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3:06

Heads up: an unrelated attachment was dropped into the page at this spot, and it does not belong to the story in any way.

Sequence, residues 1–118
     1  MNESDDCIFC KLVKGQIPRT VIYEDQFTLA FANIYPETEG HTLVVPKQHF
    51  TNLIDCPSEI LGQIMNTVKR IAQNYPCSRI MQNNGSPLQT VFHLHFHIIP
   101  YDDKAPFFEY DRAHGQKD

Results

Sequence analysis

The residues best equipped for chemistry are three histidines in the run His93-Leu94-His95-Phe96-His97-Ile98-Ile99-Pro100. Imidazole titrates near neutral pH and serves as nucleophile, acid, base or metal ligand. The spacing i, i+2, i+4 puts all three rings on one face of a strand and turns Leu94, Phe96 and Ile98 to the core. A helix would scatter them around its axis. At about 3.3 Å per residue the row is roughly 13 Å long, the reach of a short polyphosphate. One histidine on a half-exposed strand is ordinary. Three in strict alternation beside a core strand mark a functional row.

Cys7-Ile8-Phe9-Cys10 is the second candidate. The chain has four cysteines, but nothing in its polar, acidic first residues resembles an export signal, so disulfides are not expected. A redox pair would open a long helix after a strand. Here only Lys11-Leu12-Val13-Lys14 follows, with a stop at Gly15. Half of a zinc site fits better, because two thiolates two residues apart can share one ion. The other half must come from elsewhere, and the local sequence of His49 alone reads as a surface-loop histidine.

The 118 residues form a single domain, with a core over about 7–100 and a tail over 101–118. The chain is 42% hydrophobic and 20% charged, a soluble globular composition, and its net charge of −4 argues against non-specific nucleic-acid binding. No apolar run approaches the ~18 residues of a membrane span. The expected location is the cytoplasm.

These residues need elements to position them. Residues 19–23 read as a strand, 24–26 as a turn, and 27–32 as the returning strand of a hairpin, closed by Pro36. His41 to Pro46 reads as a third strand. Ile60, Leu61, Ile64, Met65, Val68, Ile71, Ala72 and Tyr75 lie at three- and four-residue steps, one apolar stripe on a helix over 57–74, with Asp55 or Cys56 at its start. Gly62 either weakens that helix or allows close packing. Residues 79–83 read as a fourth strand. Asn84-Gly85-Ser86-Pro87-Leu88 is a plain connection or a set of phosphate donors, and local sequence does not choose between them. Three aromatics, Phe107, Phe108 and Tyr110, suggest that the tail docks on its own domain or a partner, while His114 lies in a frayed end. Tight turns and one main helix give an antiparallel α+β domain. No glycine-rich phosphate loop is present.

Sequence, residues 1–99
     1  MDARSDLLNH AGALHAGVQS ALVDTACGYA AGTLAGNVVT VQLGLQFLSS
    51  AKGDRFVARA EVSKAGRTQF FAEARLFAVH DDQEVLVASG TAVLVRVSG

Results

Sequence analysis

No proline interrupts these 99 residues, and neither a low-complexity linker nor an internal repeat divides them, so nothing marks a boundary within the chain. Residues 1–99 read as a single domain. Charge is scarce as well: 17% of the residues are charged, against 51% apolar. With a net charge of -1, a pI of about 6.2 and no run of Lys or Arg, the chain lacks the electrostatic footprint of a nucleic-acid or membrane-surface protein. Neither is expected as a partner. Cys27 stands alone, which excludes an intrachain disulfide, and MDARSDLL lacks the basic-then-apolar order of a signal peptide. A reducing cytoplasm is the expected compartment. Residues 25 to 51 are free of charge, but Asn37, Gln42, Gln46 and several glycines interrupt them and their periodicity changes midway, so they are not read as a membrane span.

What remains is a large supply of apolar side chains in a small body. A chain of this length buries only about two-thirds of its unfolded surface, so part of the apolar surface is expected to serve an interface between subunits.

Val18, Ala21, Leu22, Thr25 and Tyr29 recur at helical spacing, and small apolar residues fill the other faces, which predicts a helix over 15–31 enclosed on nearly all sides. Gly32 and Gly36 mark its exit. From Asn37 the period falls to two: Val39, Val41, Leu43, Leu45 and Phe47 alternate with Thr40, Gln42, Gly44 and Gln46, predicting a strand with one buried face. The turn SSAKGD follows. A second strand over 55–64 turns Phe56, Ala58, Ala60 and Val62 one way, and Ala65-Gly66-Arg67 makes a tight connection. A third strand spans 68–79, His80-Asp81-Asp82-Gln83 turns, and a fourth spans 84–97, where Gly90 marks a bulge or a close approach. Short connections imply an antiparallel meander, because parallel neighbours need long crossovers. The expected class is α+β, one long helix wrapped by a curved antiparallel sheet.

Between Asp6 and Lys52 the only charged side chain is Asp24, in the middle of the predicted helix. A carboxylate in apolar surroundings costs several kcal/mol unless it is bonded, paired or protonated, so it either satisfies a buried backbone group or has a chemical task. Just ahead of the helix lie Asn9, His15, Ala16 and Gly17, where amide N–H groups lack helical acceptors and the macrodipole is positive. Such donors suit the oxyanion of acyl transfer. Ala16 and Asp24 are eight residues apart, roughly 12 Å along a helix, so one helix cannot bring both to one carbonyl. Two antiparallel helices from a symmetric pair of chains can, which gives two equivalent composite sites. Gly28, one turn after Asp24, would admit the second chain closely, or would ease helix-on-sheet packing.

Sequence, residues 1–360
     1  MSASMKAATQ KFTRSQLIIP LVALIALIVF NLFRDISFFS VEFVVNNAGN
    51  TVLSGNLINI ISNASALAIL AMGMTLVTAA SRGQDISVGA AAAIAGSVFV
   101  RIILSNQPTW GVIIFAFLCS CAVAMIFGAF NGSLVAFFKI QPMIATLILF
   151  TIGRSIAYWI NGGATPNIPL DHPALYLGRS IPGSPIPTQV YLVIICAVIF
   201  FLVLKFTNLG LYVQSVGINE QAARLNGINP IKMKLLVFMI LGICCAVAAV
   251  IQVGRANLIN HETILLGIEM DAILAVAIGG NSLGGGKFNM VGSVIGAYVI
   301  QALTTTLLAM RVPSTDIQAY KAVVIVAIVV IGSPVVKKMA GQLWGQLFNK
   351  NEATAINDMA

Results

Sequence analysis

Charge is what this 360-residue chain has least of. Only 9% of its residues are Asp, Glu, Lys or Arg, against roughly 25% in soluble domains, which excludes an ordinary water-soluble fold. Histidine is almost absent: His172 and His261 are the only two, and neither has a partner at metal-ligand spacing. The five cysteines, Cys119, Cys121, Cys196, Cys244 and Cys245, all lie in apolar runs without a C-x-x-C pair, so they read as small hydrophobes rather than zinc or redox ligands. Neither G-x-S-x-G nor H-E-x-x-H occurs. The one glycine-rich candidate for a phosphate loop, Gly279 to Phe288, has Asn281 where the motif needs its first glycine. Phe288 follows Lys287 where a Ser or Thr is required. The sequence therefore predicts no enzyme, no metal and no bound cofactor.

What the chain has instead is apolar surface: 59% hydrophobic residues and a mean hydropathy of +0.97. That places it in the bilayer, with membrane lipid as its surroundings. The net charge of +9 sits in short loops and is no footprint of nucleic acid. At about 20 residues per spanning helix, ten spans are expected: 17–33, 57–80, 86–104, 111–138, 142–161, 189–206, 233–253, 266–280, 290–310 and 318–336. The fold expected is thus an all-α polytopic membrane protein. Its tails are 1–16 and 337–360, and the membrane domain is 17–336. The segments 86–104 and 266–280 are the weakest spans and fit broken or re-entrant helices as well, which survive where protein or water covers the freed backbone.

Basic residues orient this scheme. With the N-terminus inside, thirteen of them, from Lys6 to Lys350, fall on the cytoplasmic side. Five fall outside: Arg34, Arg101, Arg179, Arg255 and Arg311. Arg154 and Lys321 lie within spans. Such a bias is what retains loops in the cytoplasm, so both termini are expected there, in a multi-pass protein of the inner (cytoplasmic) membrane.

BY ERIK SHUTE AND HARUMENDHAH HELMY You're watching multisource breaking news analysis from Newsy This is Newsy Now and here are the headlines you need to know. After blasts on Friday and early Monday, fears of a third explosion at Japan’s Fukushima nuclear plant are surfacing. 180,000 people have been evacuated. RT reports. “Again, we are hearing the third reactor has lost its cooling capacity, increasing fears that it will overheat and cause another blast. Meanwhile, engineers have been using seawater to try to cool down reactors at the complex, which were damaged in the quake to avert a catastrophic nuclear meltdown.” As rescue efforts continue, Japanese officials say the death toll of the earthquake and tsunami may could exceed 10,000 people. Libyan rebels lost control of crucial oil town of Brega over the weekend. As forces loyal to Muammar Gaddafi continue to make progress, euronews explains the pressure the rebels face. “The regime appears to be getting closer to the opposition stronghold of Benghazi. The city of Ajdabiya lies on its path. And on Sunday, rebels there were bracing themselves for an attack. Gaddafi has vowed, has he put it, to liberate all of Libya. On state television he said he was certain of victory and that he would bury the rebels.” Also in the Middle East — Bahrain protesters are calling for help from other Arab states, as they face increased violence from law enforcements. Al Jazeera shares this video. “Shocking evidence of the lack of control Bahrain authorities have over the security services. A policeman uses a handgun to reportedly fire live rounds indiscriminately toward protesters. He then retreats to his vehicle.” One thousand troops from Saudi Arabia arrived in Bahrain early today as part of the Gulf Cooperation Council forces, aiming to gain control and maintain stability in the country. In U.S. news -- State Department spokesman P.J. Crowley resigned yesterday over controversial comments he made about the Pentagon’s treatment of Army private Bradley Manning, who is suspected of leaking information to WikiLeaks. CNN reports Crowley called Manning’s placement into solitary confinement "ridiculous, counterproductive and stupid.” At a press conference on Sunday, Crowley said he regrets going public with his statements, but he fears the mistreatment of Manning could undermine the prosecution and hurt President Obama’s worldwide reputation. The former Clinton aide had served the U.S. in and out of uniform for more than 30 years. In sports -- selection Sunday ranked Duke, Kansas, Pittsburgh, and Ohio State as number one seeds for this’s NCAA Basketball Tournament. CBS Sports says it was the Big East conference who really came out on top sending 11 teams to the big dance. CBS Sports reporters talked with tournament chair Jeff Hathaway. Reporter: “Mr. Hathaway I want to know, you’re very familiar with how successful the Big East has been this year -- 11 teams in the tournament. How hard was it to put them into the brackets when you want to avoid some of those second round matchups that could occur. HATHAWAY: “Well certainly it is a challenge to have 11 teams from one conference come into the bracket, but you may know after the ninth team the bracketing policies are relaxed and give us the flexibility to accommodate the bracket.” Stay with Newsy**** for more analysis on news throughout the day. For Newsy Now, I’m Jim Flink -- highlighting the top headlines making you smarter, faster. 'Like' Newsy on Facebook for updates in your news feed Get more multisource video news analysis from Newsy Transcript by Newsy